Dale Appleby

...resources for Christian ministry

Weekly Reflections

The Year of the Bible 5 Dec 10

The Year of the Bible

In 1066 the Normans took control of England and began to use their version of French as the official language. Ordinary people used Old English which gradually changed into Middle English by the time of Chaucer. Only in 1362 did Parliament decide that English was to be used in Parliament and the Courts.

The big change into early modern English began with the reign of Henry V in the 15th century and continued into the 17th. There were two great influences. Shakespeare invented many new words and gave English a new place in the hearts and minds of the people. Following soon after Shakespeare the King James Bible also cemented a beauty of language in the minds of the English.

But it was not an easy transition.

The language of the university was still Latin. The church hierarchy used Latin or French until at least the 15th century. In 1407 the Archbishop of Canterbury ordered that no one was to translate any text of Holy Scripture into English or any other language, only Latin was to be used.

 

However both the followers of Wycliffe and later William Tyndale  thought that English people should be able to read the Word of God in their own language. The 16th century saw many translations of the Bible into English. Tyndale’s was probably the most influential. After Elizabeth’s death James I agreed to a request for a new translation. The translators started work in 1604 and finished in 1611.  From then on this was the only version authorised to be used in churches in England (hence one of its nicknames). The King James version of the Bible has had an enormous influence both on English language (providing many words and famous phrases) and on the culture and values of the English speaking peoples.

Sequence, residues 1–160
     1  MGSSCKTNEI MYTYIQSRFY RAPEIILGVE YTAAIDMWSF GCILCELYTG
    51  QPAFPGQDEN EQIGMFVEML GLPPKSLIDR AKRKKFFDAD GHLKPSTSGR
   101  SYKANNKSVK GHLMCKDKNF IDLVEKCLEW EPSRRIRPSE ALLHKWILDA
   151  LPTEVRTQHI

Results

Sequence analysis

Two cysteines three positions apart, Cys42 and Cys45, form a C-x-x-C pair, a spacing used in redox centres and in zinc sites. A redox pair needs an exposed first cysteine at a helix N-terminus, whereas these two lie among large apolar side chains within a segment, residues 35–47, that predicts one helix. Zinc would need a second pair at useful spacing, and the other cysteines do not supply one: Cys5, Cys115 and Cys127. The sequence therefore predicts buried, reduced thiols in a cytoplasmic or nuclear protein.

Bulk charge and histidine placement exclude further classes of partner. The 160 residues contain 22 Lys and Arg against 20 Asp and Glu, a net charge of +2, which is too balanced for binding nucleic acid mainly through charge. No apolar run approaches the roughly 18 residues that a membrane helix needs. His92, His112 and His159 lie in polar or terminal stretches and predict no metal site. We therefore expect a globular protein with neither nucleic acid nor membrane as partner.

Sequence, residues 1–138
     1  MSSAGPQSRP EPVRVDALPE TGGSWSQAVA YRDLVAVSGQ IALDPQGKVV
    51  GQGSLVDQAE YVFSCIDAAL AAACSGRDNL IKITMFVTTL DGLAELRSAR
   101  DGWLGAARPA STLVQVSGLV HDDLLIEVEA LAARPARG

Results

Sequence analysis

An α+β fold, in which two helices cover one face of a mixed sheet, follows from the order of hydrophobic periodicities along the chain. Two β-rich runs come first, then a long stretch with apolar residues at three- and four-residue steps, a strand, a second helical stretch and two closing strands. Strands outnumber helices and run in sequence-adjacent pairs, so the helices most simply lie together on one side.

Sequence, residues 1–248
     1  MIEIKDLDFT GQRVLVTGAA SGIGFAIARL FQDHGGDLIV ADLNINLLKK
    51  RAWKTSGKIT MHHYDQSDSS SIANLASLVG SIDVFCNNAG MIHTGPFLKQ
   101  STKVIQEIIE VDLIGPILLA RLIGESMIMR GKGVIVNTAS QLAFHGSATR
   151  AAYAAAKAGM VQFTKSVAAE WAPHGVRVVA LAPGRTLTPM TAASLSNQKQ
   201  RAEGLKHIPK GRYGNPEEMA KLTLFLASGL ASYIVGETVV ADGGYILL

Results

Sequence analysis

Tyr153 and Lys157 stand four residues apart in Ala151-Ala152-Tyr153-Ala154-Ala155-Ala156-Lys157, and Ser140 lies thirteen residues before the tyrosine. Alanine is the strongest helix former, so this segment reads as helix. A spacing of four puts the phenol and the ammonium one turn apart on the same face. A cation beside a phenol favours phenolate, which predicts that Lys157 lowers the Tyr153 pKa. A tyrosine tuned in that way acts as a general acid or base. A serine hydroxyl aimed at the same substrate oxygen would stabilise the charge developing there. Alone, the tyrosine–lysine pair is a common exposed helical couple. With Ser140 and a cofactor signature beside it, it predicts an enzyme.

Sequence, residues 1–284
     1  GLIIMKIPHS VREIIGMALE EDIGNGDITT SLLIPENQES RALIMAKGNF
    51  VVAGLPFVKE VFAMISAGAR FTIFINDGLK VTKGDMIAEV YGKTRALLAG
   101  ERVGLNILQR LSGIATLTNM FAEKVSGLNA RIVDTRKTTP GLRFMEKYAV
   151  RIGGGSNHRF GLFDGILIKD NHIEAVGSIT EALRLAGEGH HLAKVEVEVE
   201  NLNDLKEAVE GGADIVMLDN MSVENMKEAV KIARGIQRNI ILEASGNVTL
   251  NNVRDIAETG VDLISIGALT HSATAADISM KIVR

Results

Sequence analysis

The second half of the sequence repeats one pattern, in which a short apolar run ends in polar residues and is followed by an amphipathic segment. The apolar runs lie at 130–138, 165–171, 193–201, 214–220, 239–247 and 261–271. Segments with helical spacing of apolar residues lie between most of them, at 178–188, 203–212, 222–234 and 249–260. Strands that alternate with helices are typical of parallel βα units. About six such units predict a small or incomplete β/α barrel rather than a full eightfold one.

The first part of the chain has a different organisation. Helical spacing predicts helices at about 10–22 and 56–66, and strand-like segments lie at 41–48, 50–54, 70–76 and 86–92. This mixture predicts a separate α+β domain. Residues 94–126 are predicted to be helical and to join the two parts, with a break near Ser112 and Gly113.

Next year we celebrate the 400th anniversary of this amazing Bible. At Christ the King we will aim to read and explore some of the major parts of the Bible (in modern English).  We want to encourage everyone to read whole books of the Bible. Sermons will take us through what is probably the first published gospel (Mark), the first book of the Bible (Genesis) and one of the most influential writings (Romans). We will also provide reading and study guides.

The Bible is not just an influence on language and literature but has been at the heart of major social changes and personal transformation.  It changes lives.

Dale

You are here: Home Weekly Reflections The Year of the Bible 5 Dec 10